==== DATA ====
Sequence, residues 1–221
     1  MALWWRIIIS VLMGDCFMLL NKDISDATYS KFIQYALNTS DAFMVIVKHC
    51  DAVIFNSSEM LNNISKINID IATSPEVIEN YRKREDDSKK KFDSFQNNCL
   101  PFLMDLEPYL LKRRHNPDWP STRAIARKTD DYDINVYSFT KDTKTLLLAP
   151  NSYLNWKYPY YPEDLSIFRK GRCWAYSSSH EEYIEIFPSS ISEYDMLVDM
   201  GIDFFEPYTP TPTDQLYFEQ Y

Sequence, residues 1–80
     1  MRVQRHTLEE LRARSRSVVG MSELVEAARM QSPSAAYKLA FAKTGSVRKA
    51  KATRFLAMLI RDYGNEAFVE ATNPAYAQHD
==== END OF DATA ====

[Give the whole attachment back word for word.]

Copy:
Sequence, residues 1–221
     1  MALWWRIIIS VLMGDCFMLL NKDISDATYS KFIQYALNTS DAFMVIVKHC
    51  DAVIFNSSEM LNNISKINID IATSPEVIEN YRKREDDSKK KFDSFQNNCL
   101  PFLMDLEPYL LKRRHNPDWP STRAIARKTD DYDINVYSFT KDTKTLLLAP
   151  NSYLNWKYPY YPEDLSIFRK GRCWAYSSSH EEYIEIFPSS ISEYDMLVDM
   201  GIDFFEPYTP TPTDQLYFEQ Y

Sequence, residues 1–80
     1  MRVQRHTLEE LRARSRSVVG MSELVEAARM QSPSAAYKLA FAKTGSVRKA
    51  KATRFLAMLI RDYGNEAFVE ATNPAYAQHD